Watkins Motor Lines, Inc. v. United States, Civ. No. 620L.

CourtUnited States District Courts. 8th Circuit. United States District Court of Nebraska
Writing for the CourtJOHNSON, Circuit , and ROBINSON and VAN PELT
Citation243 F. Supp. 436
PartiesWATKINS MOTOR LINES, INC., Plaintiff, v. UNITED STATES of America and Interstate Commerce Commission, Defendants, and Milne Truck Lines, Inc., Denver-Albuquerque Motor Transport, Inc., and Ringsby Truck Lines, Inc., Intervening Defendants.
Docket NumberCiv. No. 620L.
Decision Date09 June 1965

243 F. Supp. 436

UNITED STATES of America and Interstate Commerce Commission, Defendants,
Milne Truck Lines, Inc., Denver-Albuquerque Motor Transport, Inc., and Ringsby Truck Lines, Inc., Intervening Defendants.

Civ. No. 620L.

United States District Court D. Nebraska.

June 9, 1965.

243 F. Supp. 437

Duane W. Acklie, of Nelson, Harding & Acklie, Lincoln, Neb., for plaintiff.

Arthur J. Cerra, Washington, D. C., for defendants United States and Interstate Commerce Commission.

James C. Hardman, Chicago, Ill., for intervening defendants Denver-Albuquerque Motor Transport, Inc. and Milne Truck Lines, Inc.

Douglas McHendrie, Denver, Colo., for intervening defendant railroads.

Before JOHNSON, Circuit Judge, and ROBINSON and VAN PELT, District Judges.

VAN PELT, District Judge.

Watkins Motor Lines, Inc. (plaintiff or Watkins) instituted this action to set aside and enjoin the enforcement of certain orders of the Interstate Commerce Commission (Commission) entered in a proceeding before that agency entitled

243 F. Supp. 438
Watkins Motor Lines, Inc., Extension — Four States, Docket No. MC-95540

By an application pursuant to § 207 (a) of the Interstate Commerce Act 49 U.S.C. § 307(a), filed December 26, 1961, as amended, Watkins sought a certificate of public convenience and necessity authorizing operations in interstate commerce as a common carrier by motor vehicle, over irregular routes, of meats, meat products, meat by-products, dairy products,1 articles distributed by meat packinghouses, and frozen foods, from Denver, Colorado, to points in New Mexico, Arizona, Nevada and California. A public hearing on the application of Watkins was held on a consolidated record with Colorado-Arizona-California Express, Inc., Common Carrier Application; No. MC-124065 and Little Audrey's Transportation Company, Inc., Extension—Seven States; No. MC-108953 (Sub. No. 34). A number of motor carriers, as well as rail carriers appeared in protest to the application.2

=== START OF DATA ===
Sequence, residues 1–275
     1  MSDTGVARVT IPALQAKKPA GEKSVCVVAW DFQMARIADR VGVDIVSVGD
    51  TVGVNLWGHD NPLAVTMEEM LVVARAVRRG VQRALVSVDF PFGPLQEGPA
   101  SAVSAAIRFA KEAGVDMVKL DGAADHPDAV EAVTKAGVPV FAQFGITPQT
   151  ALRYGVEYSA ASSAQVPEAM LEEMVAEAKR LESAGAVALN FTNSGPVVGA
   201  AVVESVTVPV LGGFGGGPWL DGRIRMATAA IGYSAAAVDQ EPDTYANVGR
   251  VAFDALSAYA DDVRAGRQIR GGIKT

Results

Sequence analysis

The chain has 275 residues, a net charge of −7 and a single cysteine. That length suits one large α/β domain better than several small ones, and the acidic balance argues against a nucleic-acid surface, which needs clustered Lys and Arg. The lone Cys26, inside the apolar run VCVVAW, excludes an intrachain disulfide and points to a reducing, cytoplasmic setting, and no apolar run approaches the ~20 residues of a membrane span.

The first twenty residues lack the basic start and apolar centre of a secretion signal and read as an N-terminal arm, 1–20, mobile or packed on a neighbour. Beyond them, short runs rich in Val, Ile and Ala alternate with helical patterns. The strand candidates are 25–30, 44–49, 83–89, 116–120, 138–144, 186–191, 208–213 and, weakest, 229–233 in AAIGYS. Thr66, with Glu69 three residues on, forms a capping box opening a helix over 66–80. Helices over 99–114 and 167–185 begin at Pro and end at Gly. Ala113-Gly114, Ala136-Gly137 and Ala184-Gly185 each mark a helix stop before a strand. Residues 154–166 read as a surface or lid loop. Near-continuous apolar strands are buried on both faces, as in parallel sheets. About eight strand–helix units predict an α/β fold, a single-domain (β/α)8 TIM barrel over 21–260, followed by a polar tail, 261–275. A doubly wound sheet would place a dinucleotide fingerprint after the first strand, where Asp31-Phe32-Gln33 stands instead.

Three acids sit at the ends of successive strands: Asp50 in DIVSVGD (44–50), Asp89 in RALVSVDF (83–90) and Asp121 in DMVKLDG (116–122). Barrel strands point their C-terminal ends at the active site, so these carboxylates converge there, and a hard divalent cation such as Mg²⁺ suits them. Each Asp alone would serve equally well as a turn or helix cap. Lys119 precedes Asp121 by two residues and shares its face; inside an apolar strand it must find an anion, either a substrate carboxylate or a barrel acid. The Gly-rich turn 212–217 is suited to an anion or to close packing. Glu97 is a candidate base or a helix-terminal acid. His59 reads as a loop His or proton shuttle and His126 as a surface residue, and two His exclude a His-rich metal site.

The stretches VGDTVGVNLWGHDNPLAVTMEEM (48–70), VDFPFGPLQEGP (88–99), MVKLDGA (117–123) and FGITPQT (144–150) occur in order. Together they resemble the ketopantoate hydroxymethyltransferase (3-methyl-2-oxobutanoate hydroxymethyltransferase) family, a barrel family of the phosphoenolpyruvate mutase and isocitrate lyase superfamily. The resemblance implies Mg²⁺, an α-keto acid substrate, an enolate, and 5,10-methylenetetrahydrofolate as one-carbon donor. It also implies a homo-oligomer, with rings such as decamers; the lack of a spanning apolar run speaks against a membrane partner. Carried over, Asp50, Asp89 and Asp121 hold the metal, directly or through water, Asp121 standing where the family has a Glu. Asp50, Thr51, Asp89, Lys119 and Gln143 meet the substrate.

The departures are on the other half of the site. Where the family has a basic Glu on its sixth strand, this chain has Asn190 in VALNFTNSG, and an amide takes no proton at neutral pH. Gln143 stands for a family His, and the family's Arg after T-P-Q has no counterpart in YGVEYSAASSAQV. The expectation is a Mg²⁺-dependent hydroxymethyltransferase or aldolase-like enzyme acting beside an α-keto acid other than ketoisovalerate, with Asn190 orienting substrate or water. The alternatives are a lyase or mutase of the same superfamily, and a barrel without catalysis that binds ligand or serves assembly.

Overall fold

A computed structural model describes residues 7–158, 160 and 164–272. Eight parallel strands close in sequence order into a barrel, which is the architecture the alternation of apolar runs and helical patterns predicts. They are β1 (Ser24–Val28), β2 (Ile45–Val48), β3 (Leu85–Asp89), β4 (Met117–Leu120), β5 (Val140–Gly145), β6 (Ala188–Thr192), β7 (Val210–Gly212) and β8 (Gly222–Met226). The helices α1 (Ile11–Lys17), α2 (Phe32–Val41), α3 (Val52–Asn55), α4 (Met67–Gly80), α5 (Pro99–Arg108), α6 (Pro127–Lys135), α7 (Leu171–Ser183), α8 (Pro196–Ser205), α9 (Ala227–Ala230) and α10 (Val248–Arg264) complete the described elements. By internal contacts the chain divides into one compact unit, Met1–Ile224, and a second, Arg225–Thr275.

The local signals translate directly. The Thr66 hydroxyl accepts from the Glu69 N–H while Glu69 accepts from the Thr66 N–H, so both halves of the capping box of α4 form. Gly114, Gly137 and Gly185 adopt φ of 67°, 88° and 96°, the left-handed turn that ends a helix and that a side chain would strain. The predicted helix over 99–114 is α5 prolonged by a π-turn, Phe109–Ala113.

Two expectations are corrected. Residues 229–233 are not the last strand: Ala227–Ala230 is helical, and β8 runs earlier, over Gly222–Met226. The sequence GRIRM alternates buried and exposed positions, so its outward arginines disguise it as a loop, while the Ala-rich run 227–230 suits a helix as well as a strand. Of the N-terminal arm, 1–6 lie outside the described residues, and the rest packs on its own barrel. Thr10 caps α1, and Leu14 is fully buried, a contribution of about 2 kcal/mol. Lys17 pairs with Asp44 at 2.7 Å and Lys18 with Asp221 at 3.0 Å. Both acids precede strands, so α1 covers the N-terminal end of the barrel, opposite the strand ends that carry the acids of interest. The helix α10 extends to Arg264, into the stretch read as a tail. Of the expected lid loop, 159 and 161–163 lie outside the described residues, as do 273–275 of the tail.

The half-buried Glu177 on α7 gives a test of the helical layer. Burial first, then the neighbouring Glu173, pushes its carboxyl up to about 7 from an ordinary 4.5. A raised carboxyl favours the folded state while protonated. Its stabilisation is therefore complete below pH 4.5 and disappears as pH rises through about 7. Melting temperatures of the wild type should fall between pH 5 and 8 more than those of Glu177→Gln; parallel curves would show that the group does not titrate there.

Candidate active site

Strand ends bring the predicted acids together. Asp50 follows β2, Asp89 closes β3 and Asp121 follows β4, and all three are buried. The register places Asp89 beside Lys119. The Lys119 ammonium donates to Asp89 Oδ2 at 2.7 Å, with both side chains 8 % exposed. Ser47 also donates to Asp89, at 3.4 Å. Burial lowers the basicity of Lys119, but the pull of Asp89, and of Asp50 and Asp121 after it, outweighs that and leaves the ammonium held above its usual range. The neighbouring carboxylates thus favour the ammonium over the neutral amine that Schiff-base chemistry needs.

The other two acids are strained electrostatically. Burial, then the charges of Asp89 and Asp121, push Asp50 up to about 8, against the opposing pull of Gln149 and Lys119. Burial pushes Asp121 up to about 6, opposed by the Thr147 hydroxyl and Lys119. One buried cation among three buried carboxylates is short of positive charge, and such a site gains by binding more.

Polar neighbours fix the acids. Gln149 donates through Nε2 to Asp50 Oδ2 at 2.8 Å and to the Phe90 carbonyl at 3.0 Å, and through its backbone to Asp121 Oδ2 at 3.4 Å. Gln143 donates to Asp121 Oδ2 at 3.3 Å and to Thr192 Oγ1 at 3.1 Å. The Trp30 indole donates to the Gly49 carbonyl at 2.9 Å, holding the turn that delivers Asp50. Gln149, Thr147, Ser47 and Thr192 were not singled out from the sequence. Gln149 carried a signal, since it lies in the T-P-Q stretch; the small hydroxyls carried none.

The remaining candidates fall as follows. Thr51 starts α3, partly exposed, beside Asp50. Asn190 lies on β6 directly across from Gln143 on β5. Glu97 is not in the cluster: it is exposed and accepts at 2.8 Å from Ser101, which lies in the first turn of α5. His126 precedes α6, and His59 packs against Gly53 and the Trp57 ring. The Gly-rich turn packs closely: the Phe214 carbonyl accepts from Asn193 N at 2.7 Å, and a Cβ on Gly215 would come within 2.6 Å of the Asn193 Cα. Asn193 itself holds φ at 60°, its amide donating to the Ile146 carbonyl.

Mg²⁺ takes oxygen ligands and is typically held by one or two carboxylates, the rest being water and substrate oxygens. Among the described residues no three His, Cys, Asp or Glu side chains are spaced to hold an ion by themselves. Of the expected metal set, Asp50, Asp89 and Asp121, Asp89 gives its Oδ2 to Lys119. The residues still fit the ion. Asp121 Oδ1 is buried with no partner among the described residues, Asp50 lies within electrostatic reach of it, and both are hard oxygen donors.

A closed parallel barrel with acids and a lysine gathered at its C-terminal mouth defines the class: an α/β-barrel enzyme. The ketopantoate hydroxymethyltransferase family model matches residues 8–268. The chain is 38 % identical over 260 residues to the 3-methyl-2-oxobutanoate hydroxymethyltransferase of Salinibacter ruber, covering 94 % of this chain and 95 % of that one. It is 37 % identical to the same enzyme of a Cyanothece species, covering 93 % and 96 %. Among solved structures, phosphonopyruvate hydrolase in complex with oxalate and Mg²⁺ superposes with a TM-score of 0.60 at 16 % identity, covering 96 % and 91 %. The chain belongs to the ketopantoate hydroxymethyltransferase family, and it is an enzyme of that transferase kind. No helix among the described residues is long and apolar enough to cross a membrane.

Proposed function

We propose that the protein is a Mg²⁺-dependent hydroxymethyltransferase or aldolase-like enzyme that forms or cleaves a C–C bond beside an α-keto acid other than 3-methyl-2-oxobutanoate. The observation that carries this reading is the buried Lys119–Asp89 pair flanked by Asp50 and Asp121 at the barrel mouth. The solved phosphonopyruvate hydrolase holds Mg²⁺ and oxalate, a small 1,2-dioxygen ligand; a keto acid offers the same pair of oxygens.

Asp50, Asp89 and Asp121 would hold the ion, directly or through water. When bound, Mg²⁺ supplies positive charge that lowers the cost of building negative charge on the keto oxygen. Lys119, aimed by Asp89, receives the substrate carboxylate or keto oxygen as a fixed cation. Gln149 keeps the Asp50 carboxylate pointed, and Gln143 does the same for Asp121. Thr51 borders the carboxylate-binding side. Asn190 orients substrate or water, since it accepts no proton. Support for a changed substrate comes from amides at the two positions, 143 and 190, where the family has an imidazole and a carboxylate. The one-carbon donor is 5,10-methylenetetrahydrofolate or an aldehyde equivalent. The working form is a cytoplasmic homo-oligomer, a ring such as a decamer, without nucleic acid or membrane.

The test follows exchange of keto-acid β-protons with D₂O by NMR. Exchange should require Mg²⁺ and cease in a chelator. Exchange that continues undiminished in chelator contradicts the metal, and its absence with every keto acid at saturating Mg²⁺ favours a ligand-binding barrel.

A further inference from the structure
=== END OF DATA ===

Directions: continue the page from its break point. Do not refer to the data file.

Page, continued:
In a recommended report and order, filed June 13, 1962, the examiner entered findings of fact and concluded and recommended that the application of Watkins be denied. The basis for the recommended denial was the finding that "public convenience and necessity do not require the operations for which the authority is sought.3"

Plaintiff filed exceptions to the report and recommended order. On December 4, 1962, the Commission, Division 1, found that plaintiff had failed to establish that the present and future public convenience and necessity required the proposed operation and entered an order denying the application. On December 19, 1962, plaintiff filed a "Petition for Finding of General Transportation Importance," which was denied by the Commission in an order served February 21, 1963. Watkins also filed a "Petition for Re-hearing" on January 2, 1963, which was denied by an order entered April 11, 1963, by the Commission, Division 1, acting as an Appellate Division.

Thereupon this action was commenced to set aside the orders of the Commission and remand the matter for rehearing. Watkins asks, in the alternative, that this court instruct the Commission to grant the requested application.4 The action was filed on May 16, 1963 and on June 10, 1963, the court issued a temporary restraining order enjoining the Commission from cancelling the temporary authority held by Watkins. Jurisdiction being noted under 28 U.S.C. §§ 1336 and 2325, this matter now stands ready for decision.


The basic test in such a determination as this is set out in the Watkins

243 F. Supp. 439
companion case of Colorado-Arizona-California Express, Inc. v. United States, 224 F.Supp. 894 (D.Colo.1963)5 wherein the court states